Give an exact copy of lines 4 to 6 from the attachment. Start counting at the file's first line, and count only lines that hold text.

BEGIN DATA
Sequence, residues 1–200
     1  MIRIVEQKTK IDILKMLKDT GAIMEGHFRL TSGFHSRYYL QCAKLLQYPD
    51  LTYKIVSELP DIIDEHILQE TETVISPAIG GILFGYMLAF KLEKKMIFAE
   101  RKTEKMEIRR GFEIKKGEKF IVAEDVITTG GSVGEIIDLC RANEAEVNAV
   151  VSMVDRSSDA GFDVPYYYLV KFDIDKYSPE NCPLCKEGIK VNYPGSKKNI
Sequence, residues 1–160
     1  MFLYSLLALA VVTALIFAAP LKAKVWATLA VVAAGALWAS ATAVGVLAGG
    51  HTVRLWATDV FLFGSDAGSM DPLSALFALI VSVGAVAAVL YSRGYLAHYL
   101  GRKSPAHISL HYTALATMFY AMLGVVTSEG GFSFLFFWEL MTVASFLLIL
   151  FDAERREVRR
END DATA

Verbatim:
   101  RKTEKMEIRR GFEIKKGEKF IVAEDVITTG GSVGEIIDLC RANEAEVNAV
   151  VSMVDRSSDA GFDVPYYYLV KFDIDKYSPE NCPLCKEGIK VNYPGSKKNI
Sequence, residues 1–160